Chemical LTP induction
To achieve long-term maintenance of aseptic conditions, LTP was induced by chemical means. Forskolin (FK, Santa Cruz), an adenylyl cyclase activator and thus an L-LTP inducer, was dissolved in dimethylsulfoxide at 2 mmol/L for storage. For LTP induction, the slice culture 14–16 days in vitro (DIV) was exposed to HBSS containing 20 μM FK (prepared immediately before use). 20 min later, new culture medium was introduced to dilute FK. 340 min later, the second chemical LTP was induced in the same manner and the third chemical LTP was induced another 340 min later (stimulation proceduces took 12 h in total). The culture was maintained as before (this specimen is referred to as 3FK). Control specimens were prepared either by limiting the chemical LTP only once (referred to as “1FK”) or by medium renewal alone (referred to as “No stim”). The timeline of experiment is diagrammatically shown in Fig. 1a. All manipulations were done at 34°C.
Extracellular recording of CA1 neuron activity was performed conventionally10. Briefly, slice cultures at 14–15 DIV were transferred to a recording chamber and a glass microelectrode filled with ACSF (input resistance, 5–10 MΩ) was inserted into the CA1 pyramidal cell layer for recording and a monopolar electrode was placed to the CA3 cell layer for stimulation. Test stimulation pulses of 100 μs duration were delivered every 30 seconds to record field EPSP amplitude. Data were binned for 4 min and plotted.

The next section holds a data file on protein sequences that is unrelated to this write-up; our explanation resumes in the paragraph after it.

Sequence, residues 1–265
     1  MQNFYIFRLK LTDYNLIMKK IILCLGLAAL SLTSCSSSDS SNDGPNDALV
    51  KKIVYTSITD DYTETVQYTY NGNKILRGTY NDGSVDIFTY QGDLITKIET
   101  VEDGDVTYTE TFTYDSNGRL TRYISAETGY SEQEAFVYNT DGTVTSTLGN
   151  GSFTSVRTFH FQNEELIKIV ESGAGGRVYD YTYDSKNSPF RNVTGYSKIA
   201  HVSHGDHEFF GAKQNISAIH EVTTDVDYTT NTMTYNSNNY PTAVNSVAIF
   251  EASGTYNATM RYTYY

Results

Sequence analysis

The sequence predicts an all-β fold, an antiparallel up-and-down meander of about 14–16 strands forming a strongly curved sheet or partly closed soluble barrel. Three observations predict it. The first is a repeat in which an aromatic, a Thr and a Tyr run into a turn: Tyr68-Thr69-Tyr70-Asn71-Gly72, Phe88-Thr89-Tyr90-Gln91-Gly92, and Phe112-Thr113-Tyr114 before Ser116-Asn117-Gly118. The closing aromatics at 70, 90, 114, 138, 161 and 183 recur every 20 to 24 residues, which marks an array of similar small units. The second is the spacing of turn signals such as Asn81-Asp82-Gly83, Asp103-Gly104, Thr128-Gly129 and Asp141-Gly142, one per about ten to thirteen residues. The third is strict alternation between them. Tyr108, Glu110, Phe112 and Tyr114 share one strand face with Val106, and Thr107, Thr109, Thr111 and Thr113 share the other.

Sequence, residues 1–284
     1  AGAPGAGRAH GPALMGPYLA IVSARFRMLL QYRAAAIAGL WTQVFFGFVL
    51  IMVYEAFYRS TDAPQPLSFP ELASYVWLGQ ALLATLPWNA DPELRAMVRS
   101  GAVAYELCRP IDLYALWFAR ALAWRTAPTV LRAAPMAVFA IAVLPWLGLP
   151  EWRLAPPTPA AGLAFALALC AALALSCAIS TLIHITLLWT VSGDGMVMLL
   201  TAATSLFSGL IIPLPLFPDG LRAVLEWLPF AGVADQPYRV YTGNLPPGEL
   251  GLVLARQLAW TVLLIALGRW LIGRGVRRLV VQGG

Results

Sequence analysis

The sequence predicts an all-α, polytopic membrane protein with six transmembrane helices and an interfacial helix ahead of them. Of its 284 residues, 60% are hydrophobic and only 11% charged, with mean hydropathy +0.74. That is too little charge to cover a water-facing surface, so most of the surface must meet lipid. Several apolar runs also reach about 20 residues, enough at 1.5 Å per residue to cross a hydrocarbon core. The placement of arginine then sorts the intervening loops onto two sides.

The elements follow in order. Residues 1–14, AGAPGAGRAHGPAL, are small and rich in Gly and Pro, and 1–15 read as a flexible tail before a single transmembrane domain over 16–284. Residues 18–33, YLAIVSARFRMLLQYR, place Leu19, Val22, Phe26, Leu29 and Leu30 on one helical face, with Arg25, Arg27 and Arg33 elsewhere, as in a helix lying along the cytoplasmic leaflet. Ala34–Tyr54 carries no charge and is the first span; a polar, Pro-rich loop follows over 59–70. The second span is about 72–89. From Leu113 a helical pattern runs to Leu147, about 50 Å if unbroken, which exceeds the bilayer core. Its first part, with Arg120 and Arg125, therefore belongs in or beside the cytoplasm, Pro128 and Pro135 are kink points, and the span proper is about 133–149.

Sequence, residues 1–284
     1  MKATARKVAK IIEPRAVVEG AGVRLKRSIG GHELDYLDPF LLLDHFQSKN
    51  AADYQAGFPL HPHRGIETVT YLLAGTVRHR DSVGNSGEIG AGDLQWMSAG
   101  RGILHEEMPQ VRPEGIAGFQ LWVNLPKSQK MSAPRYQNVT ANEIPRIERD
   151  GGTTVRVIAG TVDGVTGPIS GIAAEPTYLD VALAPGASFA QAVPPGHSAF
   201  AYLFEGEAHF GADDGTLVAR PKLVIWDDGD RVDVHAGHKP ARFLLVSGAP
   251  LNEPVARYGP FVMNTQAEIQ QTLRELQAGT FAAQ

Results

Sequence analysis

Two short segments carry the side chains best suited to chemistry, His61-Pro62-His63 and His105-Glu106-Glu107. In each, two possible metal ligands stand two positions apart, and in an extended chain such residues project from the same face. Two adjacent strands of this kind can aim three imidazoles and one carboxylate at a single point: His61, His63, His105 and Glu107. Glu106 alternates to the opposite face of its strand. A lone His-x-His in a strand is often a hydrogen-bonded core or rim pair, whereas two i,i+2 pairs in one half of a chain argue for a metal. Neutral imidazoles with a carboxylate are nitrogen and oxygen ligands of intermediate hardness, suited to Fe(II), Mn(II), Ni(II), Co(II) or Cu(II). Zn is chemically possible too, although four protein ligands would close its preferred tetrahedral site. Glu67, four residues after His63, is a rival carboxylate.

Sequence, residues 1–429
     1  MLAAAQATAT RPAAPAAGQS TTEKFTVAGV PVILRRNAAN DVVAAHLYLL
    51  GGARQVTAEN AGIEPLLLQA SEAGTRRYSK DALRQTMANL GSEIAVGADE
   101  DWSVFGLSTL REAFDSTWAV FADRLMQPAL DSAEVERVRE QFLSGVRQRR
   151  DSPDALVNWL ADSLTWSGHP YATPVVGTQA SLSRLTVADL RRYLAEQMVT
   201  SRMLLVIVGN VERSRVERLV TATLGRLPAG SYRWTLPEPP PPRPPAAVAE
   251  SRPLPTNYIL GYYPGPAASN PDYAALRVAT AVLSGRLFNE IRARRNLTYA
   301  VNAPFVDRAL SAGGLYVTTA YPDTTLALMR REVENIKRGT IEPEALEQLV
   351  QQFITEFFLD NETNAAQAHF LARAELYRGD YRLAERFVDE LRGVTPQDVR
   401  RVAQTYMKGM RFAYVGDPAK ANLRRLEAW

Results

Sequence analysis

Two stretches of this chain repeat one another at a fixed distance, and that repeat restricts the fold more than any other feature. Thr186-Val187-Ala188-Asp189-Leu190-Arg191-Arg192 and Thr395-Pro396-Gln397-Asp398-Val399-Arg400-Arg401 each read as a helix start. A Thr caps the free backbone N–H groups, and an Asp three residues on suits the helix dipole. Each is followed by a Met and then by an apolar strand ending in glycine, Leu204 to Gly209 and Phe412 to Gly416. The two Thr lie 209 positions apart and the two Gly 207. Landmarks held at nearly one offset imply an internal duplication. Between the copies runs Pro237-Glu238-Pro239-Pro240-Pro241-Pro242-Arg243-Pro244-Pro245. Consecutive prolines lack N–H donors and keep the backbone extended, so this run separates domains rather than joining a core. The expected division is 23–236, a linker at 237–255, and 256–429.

The protocols for whole cell clamp recording were standard ones11. The recording was applied to the neurons of CA1 (recording was not necessarily made from a fluorescing cell). Pipette's inner solution consisted of [mM] 140 CsCl, 1 MgCl2, 2 Na2ATP, 10 HEPES, 10 EGTA buffered by CsOH at pH 7.2. To monitor miniature excitatory synaptic current (mEPSC), articitial cerebrospinal fluid (ACSF) containing 1 μM tetrodotoxin (TTX, Alomone), 25 μM aminophosphonovalerate (Tocris) and 10 μM bicuculine methiodide (Wako) was perfused. By clamping the membrane potential at −60 mV, collected current was fed to a MultiClamp 700A (Axon Instruments) amplifier, with digitization at 10 kHz and low-pass filtering at 2 kHz. The threshold for mEPSC detection was set at 3 pA. The amplitude and the frequency of mEPSC were analyzed from 100 events randomly selected from each neuron using Clampfit software (Molecular Devices). The slice served for electrophysiology was not returned to culture. Hence, the data shown in Fig. 3 were obtained from separate slices. To minimize influence from the peculiarity of individual slices, the number of cells recorded from a single slice was three or less.